Push and pull, yin and yang; these came to mind when watching grey-clad dancers Anthea Seah and Brandon Khoo leap across the screen.
They peered at each other through the lens with such yearning that it made this reviewer uncomfortable. While it is unclear if they were playing lovers, friends or strangers, their movement exuded the familiarity of a subtle bond.
Clean extensions and strong chemistry were staples of T.H.E Dance Company’s debut virtual show, Pur(e): An Experimental Virtual Performance, which was screened live last Friday and Saturday.
A tranquil music score and engaging live visual edits elevated the hour-long screening, which included an engaging post-show dialogue on the making of the piece.
Choreographed and directed by Kuik Swee Boon, festival director of the M1 Contact Contemporary Dance Festival and artistic director of T.H.E Dance Company, the performance draws on original material from an earlier work that premiered at the 2016 festival.
Seah and Khoo brought the themes of companionship, loneliness and self-existence to the fore through the piece, to which audiences could readily relate amid the ongoing coronavirus pandemic.
Playing with screen instead of space, the show’s technical team complemented the choreography with peculiar overlays of the dancers’ environments and drastic changes in colour tones, signalling a shift in mood.
While the music itself lacked a climactic peak, it was a perfect complement to the parallelism between the dancers.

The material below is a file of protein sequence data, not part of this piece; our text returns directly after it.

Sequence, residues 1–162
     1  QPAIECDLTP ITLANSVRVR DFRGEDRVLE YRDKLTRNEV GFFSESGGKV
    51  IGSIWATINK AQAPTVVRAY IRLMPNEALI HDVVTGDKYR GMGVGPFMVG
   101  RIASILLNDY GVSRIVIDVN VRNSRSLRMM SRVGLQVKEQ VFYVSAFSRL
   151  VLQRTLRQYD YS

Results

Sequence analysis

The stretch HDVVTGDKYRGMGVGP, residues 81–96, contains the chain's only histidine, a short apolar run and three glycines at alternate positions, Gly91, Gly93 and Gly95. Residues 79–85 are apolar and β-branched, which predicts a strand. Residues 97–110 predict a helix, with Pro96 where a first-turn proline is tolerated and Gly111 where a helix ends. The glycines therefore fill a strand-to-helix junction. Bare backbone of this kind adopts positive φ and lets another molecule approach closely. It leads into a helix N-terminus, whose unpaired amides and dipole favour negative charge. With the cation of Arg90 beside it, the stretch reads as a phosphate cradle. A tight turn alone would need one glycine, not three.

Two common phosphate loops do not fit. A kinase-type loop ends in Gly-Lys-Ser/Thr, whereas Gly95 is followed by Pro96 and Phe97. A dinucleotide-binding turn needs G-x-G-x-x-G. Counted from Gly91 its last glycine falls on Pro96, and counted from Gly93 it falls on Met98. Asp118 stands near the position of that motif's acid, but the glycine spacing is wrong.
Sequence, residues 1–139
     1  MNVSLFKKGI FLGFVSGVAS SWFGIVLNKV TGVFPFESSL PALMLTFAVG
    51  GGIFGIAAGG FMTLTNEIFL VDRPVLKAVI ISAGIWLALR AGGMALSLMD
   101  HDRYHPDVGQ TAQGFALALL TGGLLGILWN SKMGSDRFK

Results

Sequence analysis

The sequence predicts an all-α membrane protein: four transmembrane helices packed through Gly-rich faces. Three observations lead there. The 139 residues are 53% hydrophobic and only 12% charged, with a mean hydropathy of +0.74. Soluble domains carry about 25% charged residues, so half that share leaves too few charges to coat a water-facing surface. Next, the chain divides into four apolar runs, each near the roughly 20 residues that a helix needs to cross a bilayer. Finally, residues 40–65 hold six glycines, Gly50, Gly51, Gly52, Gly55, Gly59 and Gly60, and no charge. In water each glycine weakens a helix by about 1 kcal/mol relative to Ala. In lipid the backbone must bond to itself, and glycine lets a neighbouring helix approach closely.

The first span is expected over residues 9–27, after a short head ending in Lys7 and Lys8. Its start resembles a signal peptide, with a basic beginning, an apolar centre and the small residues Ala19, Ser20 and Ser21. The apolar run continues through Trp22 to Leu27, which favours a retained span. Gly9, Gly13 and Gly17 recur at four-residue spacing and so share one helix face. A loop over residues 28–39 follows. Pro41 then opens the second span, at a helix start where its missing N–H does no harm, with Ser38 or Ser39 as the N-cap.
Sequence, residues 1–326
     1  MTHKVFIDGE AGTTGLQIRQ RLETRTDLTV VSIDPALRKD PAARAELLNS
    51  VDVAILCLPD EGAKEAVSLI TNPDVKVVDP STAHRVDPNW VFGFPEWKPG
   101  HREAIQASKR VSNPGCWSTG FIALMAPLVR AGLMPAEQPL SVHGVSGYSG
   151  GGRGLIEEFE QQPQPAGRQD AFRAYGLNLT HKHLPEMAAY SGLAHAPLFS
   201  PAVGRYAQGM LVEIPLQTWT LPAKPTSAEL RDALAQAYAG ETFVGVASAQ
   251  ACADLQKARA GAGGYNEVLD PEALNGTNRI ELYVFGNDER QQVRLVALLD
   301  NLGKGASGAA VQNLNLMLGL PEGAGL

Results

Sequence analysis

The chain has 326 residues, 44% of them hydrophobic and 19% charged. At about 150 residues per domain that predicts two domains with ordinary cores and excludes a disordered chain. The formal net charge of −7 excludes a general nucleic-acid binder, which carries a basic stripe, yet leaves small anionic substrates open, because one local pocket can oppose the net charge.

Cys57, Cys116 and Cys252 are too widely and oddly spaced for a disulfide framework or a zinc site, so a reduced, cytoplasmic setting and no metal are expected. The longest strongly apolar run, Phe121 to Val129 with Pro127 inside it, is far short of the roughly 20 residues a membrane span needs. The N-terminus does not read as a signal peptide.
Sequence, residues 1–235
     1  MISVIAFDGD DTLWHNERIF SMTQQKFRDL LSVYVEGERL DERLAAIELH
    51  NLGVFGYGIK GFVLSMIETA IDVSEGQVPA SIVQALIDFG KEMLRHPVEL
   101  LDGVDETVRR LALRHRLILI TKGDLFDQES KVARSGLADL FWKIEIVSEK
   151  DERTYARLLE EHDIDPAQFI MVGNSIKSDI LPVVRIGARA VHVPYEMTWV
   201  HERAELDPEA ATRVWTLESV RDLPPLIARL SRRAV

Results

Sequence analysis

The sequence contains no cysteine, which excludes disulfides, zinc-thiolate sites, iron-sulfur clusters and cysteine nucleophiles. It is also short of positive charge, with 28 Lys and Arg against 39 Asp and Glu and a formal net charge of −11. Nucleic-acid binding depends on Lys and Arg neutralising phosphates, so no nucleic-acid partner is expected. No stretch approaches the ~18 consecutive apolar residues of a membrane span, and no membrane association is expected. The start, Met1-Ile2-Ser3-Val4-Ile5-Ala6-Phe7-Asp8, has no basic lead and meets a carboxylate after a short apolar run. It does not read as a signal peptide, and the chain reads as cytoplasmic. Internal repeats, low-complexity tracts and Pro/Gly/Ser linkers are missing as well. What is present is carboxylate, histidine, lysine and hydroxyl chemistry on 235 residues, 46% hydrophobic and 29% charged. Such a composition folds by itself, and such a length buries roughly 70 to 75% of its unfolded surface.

But the team could have added greater depth and dimension to the performance by dabbling with more lighting techniques.
Seah had performed the piece before and her familiarity with it was evident. She distracted her audience from a mundane living room by using a cushion or a curtain as a prop for a fleeting second, before crouching low on her couch. These elements of surprise nearly came off as clever improvisations of the choreography on her part.
Khoo, who was performing the piece for the first time, made a valiant effort to match Seah’s seasoned performance with his earnest expressions and crisp execution. Both dancers hit the nail on the head with enviable transitions in and out of their floorwork.
PUR(E): AN EXPERIMENTAL VIRTUAL PERFORMANCE
T.H.E Dance Company
Devoid of frills and laden with fluid, internalised movement, Pur(e) delivered an authentic contemporary dance performance through a digital medium.
While many arts groups have jumped on the digital bandwagon to engage viewers, Pur(e) brought something new to the table by introducing multimedia not to compensate, but to complement sturdy technique.
As the dancers fell low onto the ground, hands outstretched, they took audiences with them while sinking into an abyss past the edge of the screen.
In one way or another, people have all been them while isolating at home.
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